Essay on Plato on the Parthenon

949 Words Jul 10th, 2005 4 Pages
The philosophical ideas of Plato that relate to the Parthenon include whether the structure is an element of the Visible World or the Intelligible World. In my opinion, Plato would view the Parthenon as an object in the Visible World. The Parthenon is a one of a kind monument that is tangible and exists in our real world. The Parthenon is an architectural project and deals with forms of science and mathematics. Plato's view of science and mathematics are categorized as forms in the Intelligible World, which are intangible. Through analysis of illusory tactics, the Tripartite Soul, the simile of the line, and the artistic qualities of architecture, Plato's, as well as my view of the Parthenon will become evident.
The Parthenon was built
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It can be argued each way that The Parthenon is a work of art, which falls into the Visible World, or that it is a form of science and mathematics that can be sought in the Intelligible World. In my opinion it is both. Since architecture is a scientific, mathematical, and artistic practice, I believe it is an art form. However, we can debate the use of architectural formulas, like using illusory tactics, measurements, and ideas to discuss The Parthenon as a state in Plato's Intelligible World.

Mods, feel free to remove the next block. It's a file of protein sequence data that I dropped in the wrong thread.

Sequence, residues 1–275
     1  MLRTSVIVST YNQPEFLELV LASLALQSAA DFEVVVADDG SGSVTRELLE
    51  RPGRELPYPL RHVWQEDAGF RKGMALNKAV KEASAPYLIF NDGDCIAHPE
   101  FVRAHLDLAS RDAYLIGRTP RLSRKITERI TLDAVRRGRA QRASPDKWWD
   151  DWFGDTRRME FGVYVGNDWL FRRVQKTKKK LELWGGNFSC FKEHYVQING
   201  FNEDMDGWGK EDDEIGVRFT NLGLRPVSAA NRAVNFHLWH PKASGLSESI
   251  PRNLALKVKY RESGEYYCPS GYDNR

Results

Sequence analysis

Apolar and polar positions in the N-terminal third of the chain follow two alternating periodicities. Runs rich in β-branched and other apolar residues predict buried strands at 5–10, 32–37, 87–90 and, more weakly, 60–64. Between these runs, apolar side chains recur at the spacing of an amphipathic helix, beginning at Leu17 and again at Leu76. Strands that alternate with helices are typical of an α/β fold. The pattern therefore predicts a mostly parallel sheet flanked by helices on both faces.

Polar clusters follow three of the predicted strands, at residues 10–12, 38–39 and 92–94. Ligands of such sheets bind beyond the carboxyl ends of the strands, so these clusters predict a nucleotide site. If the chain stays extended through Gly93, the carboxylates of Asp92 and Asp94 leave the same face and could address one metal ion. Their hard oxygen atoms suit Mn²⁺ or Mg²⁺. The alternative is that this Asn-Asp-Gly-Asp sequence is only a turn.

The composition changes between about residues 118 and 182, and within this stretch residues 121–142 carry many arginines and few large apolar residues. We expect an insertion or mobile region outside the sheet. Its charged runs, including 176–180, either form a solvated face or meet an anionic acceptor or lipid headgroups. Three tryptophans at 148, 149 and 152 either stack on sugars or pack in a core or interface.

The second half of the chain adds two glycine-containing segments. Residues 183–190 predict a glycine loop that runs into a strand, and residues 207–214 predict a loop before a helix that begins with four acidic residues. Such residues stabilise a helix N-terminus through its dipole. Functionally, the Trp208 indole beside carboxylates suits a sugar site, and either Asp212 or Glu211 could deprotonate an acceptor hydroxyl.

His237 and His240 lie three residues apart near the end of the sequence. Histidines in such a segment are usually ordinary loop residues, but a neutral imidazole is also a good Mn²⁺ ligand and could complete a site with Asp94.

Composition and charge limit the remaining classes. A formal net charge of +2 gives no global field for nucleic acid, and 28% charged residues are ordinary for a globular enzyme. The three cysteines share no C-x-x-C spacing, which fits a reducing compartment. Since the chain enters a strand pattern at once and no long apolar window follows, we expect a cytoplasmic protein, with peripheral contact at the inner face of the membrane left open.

Since the construction of The Parthenon required Dialectic reasoning on the part of Iktos and Kallikretes as well as a firm understanding of science and math, it's construction required an exorbitant amount of knowledge. Plato's view of knowledge was the use of dialectic thought and an understanding of science and mathematics. The concepts used to perceive the construction of this magnificent project were derived from the Intelligible World of forms of science and mathematics. Plato would conclude the combination of these sectors from his Divided Line diagram led to the final outcome of The Parthenon. When The Parthenon was complete it is an object in the Visible World, and it also casts shadows images and reflections. The Parthenon according to Plato's view of the world, the structure is a work of art, which cannot be placed into any one sector of the Divided Line.
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